A long time ago (as in, 15 years), in a place called Colorado, there was a company named ServiceMagic. Over the years, this company, now named HomeAdvisor, built software applications to support the business of connecting service professionals with homeowners.
They wrote a lot of software.
A single web application became two, then three, then a half dozen or so. All of these applications shared the same underlying set of code libraries to run the core business functions. No, that’s not quite true. All these applications used the same, single library, that contained all the business logic necessary to run the company. Attempts have been made over the years to try and carve out pieces of this code base into separate modules, with varying degrees of success.
As we pick up the story two years ago, there was really only one way to describe the architecture of the software used to run the company known as HomeAdvisor…
Software Monolith Architecture Problems
We may have multiple web applications, each specialized on one area of the business (e.g. consumer website, customer management, background processes, etc.), but they are all built together, they are all tested together and they are all released together. Some of these applications even do different things, depending on where they are deployed or how they are configured. In addition, if there is a surge in web traffic to a particular area of our website, horizontally scaling means spinning up additional, reasonably large VMs with copies of the application serving that traffic. This is expensive, as each VM slot has a cost associated with it: VM space, support costs, and potentially licensing costs for any commercial software used.
This is a problem.
The company is growing. We’re hiring more and more developers, and it’s becoming harder and harder for those new developers to understand the system, with all of its interconnected tangles of code, and not step on each other. The smallest change in module used by one web application, can easily have unintended consequences in the other applications. This means everything must be built, tested and deployed!
How did we get here? The answers are many, but there are three worth calling out:
- http://allweare.org/tetracycline Business Speed – As anyone who has been involved in a startup knows, speed to market is an important metric. As the company was just getting started, getting something, anything, out the door was of the utmost importance. Up until a couple of years ago, releases to production were weekly. In that environment, taking the time to consider the architectural implications of every product feature added tends to go out the window, more often than not. So, pragmatism took over and developers added code to the place that was easiest: the existing web application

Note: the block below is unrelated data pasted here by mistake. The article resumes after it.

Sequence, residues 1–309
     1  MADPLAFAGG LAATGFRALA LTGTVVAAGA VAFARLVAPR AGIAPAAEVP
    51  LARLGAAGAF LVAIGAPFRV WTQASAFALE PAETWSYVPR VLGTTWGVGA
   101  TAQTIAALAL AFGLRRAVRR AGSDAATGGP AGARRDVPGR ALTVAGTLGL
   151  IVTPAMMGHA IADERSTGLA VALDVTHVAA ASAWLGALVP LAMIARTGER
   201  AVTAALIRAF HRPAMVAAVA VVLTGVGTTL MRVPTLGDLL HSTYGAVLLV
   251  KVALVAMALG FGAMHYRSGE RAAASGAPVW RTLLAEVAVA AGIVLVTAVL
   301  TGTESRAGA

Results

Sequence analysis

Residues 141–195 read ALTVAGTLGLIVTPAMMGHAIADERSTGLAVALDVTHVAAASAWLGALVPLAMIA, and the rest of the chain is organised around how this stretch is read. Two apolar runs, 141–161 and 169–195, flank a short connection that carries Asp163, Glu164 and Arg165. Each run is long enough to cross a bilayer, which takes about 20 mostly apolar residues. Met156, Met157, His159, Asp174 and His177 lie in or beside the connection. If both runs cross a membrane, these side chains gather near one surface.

- http://mobilepaymentux.com/Xw7dThLKg Server Cost – Back in 1999, when the company was founded, server space was expensive. AWS and the like didn’t exist so you had to run your own hardware. And by today’s standards, that hardware was expensive. So in order to get the most value out of each server, they were loaded up with as much as they could handle. In addition, Java being what it is, there was no way anyone wanted to run more JVMs on a server than was absolutely necessary. Once again, pragmatic developers win the day and stuff as much into each application as possible.
- Tools – For the longest time, all the source code for the system was stored in CVS and PVCS before that. Thankfully we have since moved to using Git as our source code control system. However, the legacy of CVS still haunts us. For those unfamiliar with the product, CVS manages version at the file level, not patch sets as most of us are used to today. What this meant was that it was very difficult to remove files from the code base. Files needed to be kept around for at least a release or two so that the system could be rolled back to a previous version, if necessary. Of course, nobody ever remembered to go back and remove legacy files unless they started causing problems.
As the company grows, the software architecture needs to evolve to support that growth, both in terms of traffic volume as well as number of developers supporting and adding to the code base. This architecture needs to support:
- Autonomous Delivery Teams – We have organized into small, agile delivery teams that should be able to work (mostly) independently.
- Loosely Coupled Components – Each team should be able to build, test and deploy portions of the system with zero, or at least minimal, disruption to other teams and parts of the system.
- Independently Scaleable – If there’s suddenly a huge demand for widgets, we should be able to horizontally scale the widget service.
- Resilient to Failure – Each part of the system should be able to handle and gracefully degrade when there are failures in other parts of the overall system (and there will be failures).
So what kind of architecture supports these new requirements? Are there patterns others have used successfully? Who do you call when a monolithic system has taken over your company?
Tune in next time we meet the hero of this story, microservices! Find out how this champion does battle the evil monolith. Learn how we have dealt with the inevitable flaws any hero has, including this one.